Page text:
FES: Game Basics & Page Index

I talk about it regularly on Cohost! See the #FES tag.

FES, or Fantasy Entertainment System, is a 3d6 game with stacking advantage.

The central idea is based around: If you want to target a difficulty for the “average” base-level difficulty the party should face, you should target a 20 for your total dice roll plus modifiers.

Players are the only ones who roll dice, so if a 3d6 challenge is made against a creature that is not a player, whoever sets the rules can establish what the expected difficulty of an average roll should be like.

To modify difficulty, think about what represents the challenge’s skill and advantages:

  • If intended to represent the base skill or effectiveness of a challenge target, increase the DC
  • If intended to represent an external factor that affects the target, treat it as disadvantage for the challenger instead

To complete a challenge, you roll the dice, accumulate a result, and whoever is responsible for the difficulty setting lets you know how much above or under you went. If you rolled above, your task succeeds at a measure equal to the difference. Similarly, if you roll below, then you are negatively affected instead in equal measure.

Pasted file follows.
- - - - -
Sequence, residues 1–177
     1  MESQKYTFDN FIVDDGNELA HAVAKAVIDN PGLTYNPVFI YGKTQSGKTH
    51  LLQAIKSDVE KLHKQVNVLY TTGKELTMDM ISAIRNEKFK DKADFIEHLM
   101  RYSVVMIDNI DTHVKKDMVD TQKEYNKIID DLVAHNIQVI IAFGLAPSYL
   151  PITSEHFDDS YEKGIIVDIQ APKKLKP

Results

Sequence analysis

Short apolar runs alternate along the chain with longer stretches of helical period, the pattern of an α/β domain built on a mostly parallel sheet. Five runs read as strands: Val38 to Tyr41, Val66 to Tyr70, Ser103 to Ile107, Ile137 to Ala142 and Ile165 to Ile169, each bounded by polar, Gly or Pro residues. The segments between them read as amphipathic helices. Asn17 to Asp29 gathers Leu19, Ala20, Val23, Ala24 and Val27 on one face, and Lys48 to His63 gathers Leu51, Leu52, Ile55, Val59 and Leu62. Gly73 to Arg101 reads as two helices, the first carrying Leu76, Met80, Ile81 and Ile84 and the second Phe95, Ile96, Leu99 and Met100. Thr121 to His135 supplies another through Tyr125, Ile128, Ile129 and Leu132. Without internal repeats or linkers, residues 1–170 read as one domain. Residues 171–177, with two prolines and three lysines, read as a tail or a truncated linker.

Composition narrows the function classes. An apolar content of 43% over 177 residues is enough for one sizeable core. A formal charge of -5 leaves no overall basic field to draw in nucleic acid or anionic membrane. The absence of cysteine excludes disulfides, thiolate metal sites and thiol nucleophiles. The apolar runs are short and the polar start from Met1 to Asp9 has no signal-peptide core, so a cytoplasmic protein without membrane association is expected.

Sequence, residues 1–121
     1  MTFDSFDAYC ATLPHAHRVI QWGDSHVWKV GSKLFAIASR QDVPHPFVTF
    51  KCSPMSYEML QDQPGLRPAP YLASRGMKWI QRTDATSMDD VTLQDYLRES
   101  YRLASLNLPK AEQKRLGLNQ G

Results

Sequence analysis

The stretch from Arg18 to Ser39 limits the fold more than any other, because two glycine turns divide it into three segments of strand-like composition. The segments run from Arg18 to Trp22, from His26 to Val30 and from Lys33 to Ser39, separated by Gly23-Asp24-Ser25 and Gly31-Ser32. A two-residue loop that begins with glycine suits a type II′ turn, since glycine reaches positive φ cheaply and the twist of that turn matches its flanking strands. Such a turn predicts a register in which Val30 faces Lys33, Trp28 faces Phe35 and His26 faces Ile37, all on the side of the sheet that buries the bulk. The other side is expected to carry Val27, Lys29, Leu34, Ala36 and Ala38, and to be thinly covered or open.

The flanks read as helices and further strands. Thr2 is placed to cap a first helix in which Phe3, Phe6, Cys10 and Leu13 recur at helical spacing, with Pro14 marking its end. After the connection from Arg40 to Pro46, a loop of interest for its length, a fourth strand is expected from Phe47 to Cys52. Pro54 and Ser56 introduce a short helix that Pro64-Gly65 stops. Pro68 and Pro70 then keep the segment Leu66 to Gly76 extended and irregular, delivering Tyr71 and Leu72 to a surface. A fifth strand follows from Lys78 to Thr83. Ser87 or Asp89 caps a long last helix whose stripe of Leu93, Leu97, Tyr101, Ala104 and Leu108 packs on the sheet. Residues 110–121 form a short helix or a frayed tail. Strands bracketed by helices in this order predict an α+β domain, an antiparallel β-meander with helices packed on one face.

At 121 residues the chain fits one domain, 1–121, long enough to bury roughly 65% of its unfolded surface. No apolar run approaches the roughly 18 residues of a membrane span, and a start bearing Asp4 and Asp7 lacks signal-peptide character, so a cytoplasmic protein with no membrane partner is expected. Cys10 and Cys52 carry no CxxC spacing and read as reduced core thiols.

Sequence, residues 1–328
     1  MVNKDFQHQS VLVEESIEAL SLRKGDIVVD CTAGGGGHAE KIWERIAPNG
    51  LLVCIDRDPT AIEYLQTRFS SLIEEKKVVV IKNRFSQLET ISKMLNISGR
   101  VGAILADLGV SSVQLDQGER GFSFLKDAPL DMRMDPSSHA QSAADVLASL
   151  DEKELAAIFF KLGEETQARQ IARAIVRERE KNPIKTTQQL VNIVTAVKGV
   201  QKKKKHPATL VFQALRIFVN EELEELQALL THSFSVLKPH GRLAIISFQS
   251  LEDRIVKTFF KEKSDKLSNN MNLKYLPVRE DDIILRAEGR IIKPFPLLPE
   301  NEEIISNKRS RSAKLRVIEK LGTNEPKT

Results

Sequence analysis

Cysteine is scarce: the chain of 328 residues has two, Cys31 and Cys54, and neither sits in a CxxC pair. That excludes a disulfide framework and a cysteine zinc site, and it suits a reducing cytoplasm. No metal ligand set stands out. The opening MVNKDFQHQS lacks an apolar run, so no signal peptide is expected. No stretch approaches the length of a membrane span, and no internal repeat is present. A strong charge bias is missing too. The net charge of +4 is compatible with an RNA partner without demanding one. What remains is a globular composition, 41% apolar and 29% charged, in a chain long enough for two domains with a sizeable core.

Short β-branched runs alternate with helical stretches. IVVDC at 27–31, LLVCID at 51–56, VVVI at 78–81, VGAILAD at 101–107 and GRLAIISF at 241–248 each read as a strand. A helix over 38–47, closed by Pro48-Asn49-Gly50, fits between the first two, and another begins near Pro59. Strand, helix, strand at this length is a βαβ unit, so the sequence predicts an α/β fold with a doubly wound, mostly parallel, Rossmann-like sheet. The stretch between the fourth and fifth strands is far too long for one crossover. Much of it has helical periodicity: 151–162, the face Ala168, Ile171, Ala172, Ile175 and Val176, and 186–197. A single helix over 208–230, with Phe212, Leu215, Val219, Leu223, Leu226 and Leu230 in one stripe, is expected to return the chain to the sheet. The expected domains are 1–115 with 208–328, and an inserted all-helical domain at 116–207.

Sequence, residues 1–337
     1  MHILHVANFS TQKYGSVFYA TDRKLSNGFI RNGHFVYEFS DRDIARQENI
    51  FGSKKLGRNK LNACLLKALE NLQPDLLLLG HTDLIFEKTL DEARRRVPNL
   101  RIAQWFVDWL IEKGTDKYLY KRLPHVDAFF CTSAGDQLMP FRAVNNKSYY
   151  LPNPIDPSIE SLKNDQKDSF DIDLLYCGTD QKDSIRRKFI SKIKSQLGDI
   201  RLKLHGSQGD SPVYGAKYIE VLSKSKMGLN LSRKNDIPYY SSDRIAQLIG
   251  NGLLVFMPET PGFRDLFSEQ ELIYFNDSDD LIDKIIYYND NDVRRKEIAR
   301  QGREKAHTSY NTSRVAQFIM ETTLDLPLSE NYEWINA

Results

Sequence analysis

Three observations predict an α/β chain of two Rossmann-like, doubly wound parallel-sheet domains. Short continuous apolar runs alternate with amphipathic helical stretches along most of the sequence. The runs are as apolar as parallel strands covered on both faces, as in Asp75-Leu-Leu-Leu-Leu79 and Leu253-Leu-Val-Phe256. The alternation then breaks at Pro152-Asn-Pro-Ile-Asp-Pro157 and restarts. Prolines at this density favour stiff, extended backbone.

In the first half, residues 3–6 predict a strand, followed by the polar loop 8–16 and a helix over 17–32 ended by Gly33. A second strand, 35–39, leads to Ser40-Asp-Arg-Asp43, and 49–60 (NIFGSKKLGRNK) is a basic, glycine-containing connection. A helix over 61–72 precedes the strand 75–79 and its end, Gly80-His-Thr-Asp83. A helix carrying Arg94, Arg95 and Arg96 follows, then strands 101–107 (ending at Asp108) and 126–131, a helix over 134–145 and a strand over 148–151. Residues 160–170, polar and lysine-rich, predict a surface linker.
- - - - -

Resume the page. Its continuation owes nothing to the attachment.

Mechanically, the game works like so:

  1. Evaluate your situation and your character, and determine all narrative and mechanical advantages and disadvantages, and decide if you’re going to spend any determination points on the roll.
  2. Subtract the number of advantages by the number disadvantages in your situation. The difference is the number of dice that you add to your dice pool.
  3. Roll the total dice. If you have advantage (0 or more), keep the 3 highest; if you have disadvantage, keep the 3 lowest.
  4. If you have an acquisition that lets you use your proficiency bonus with a challenge, you may add your proficiency level to the total.
  5. Add the relevant ability score to the total.
  6. If you chose to add determination points before rolling, add them to the roll’s total.

The consequences of a roll are typically expected to take the form of either physical or mental damage, but this can be ignored where damage does not make sense.

Once a character reaches 0 hp, they obtain a trauma that makes sense based on the damage done. This can range from “annoyed” to “lost” to “unconscious” or “dead”.

After rolling, it’s a matter of filling out your character sheet and using it to determine advantages, disadvantages, and flat bonuses that might be relevant.

Otherwise, the game is effectively freeform roleplay. Avoid rolling for trivial challenges - use challenges to help the game be interesting and fun, there’s no need to roll every little thing!

Using the forum

Index of Rules Posts

Discussions about game balance/design

Kobold Town worldbuilding

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